Outwit, Outplay, Outlast: A microbial tale of survival within the marine deep subsurface
Microbes play fundamental roles in ecosystem function through mediating biogeochemical cycles, yet we know very little about how microbes interact and what drives community diversity. The marine deep subsurface hosts a massive reservoir of microbial biomass that can be actively surviving (or even thriving) harsh conditions, such as high pH, low nutrients, or extreme temperatures. There are various methods to analyze microbial community diversity and functionality within the marine subsurface including culture-independent and -dependent methods. The studies presented here utilize this two-pronged approach to investigate microbial diversity, functionality, and specific survival mechanisms within two marine subsurface environments. The Mariana Forearc sediments were sampled through use of the International Ocean Discover Program Expedition 366 from December 2016 – February 2017. Sediments were extracted for total RNA as a proxy for microbial activity and sequenced using Illumina NovaSeq. These metatranscriptomes were analyzed for microbial diversity and metabolic capabilities and indicates microbial life is persisting through partial denitrification (nirKS) and anaerobic methane oxidation (pmoABC). The western flank of the Mid-Atlantic Ridge (commonly referred to as North Pond) sediments were sampled via push cores aboard the R/V Atlantis in October 2017. We utilized a novel method of high-throughput single-cell sorting using Fluorescence Activated Cell Sorting (FACS) to cultivate individual cells from shallow North Pond sediments. Individual cells from sediment slurries were sorted into a modified artificial seawater medium and extracted for whole genome sequencing using Illumina MiSeq. I will present novel methodology and genome characterizations from Idiomarina abyssalis strain KJE, Marinobacter salarius strain NP2017, and Marinobacter salarius strain AT3901.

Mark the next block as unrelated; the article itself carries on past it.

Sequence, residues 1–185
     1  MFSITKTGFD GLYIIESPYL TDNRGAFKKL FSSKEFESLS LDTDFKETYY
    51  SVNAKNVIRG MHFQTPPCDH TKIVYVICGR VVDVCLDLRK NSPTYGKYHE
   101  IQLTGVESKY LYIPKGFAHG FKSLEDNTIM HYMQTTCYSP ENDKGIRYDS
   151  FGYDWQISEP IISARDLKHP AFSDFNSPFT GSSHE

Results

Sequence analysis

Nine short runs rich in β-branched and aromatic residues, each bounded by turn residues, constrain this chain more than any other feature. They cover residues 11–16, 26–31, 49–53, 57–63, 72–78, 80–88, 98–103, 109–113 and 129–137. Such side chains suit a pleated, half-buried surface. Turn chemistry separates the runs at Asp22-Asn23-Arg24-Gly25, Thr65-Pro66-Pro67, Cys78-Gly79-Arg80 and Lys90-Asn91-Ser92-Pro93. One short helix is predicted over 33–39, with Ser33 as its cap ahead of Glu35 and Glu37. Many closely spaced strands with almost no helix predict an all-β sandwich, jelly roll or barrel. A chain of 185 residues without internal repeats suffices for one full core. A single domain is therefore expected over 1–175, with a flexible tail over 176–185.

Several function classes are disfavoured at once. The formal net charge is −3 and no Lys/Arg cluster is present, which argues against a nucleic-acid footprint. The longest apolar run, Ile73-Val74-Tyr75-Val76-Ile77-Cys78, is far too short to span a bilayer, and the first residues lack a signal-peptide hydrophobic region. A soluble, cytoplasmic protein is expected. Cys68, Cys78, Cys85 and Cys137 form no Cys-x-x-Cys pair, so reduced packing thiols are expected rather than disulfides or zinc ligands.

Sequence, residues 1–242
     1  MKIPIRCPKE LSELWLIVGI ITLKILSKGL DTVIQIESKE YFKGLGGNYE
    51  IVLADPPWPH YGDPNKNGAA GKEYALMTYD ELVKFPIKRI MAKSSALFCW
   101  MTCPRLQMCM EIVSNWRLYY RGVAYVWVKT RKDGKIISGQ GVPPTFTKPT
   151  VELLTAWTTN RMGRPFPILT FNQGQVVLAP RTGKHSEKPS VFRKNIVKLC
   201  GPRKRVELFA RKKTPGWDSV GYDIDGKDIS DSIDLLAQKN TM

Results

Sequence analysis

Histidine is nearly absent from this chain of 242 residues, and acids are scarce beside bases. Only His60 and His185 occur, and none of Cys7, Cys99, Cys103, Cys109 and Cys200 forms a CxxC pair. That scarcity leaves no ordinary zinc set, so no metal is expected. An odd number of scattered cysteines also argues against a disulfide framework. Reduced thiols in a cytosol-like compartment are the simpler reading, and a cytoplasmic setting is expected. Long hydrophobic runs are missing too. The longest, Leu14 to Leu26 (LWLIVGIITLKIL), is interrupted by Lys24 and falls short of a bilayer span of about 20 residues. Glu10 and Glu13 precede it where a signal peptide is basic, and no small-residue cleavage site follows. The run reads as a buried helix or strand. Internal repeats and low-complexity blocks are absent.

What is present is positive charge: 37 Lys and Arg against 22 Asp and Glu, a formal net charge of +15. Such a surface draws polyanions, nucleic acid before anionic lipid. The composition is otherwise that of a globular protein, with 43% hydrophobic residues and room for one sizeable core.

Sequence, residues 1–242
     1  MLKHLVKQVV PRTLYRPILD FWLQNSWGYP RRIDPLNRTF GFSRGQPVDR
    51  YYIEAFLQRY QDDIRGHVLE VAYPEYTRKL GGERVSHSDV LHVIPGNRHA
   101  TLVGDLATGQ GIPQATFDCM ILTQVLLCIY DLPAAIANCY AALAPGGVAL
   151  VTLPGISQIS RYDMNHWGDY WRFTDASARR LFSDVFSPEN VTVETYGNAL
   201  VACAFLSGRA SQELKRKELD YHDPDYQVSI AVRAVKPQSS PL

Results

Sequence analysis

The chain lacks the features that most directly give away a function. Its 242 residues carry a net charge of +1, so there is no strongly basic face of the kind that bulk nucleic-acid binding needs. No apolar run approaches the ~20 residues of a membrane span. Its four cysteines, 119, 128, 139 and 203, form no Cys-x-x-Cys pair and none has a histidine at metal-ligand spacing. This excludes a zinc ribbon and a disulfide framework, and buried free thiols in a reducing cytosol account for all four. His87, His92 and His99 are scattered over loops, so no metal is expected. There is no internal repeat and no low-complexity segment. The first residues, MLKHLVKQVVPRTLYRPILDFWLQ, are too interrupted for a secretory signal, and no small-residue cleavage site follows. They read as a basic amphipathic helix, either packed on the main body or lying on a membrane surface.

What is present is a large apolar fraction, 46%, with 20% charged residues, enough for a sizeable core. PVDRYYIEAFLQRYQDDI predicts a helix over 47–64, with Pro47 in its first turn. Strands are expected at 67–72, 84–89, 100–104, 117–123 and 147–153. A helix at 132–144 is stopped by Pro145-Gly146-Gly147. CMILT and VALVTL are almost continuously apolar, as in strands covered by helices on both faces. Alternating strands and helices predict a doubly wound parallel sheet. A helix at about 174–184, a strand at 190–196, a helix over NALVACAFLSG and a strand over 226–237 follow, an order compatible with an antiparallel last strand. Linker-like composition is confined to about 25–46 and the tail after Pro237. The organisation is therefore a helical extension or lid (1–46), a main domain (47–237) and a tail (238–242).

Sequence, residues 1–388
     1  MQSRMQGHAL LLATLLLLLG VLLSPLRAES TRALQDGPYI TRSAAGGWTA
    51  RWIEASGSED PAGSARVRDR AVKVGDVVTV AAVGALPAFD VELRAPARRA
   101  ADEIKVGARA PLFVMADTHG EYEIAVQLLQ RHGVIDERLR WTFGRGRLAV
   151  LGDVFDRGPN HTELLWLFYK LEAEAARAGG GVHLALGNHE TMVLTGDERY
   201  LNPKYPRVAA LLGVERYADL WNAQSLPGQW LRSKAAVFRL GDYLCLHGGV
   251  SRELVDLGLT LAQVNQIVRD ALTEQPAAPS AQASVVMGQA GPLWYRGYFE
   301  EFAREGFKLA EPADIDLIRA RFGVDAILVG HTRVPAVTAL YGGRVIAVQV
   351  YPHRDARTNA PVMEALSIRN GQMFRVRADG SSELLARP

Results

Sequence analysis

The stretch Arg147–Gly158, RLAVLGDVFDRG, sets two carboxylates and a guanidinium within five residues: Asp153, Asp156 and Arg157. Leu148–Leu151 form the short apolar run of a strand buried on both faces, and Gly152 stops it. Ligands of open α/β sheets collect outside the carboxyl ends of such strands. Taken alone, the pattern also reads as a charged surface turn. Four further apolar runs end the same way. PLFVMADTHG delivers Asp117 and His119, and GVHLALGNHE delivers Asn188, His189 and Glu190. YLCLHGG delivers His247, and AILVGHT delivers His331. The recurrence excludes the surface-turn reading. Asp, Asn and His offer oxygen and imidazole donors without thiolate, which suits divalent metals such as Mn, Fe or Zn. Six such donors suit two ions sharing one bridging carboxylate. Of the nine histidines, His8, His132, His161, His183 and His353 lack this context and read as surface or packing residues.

I attended the University of Southern Mississippi as an undergraduate and received my Bachelor’s in Marine Biology. I began my Ph.D. in Marine Biology with Dr. Brandi Kiel Reese at Texas A&M University – Corpus Christi in August of 2016 and anticipate graduation in summer of 2021. I am very interested in microbial survival and competition through use of secondary metabolites. If I am not in the lab or on my computer for science, I am usually watching a movie (most likely Lord of the Rings), at the beach, or harassing my two cats to play with me.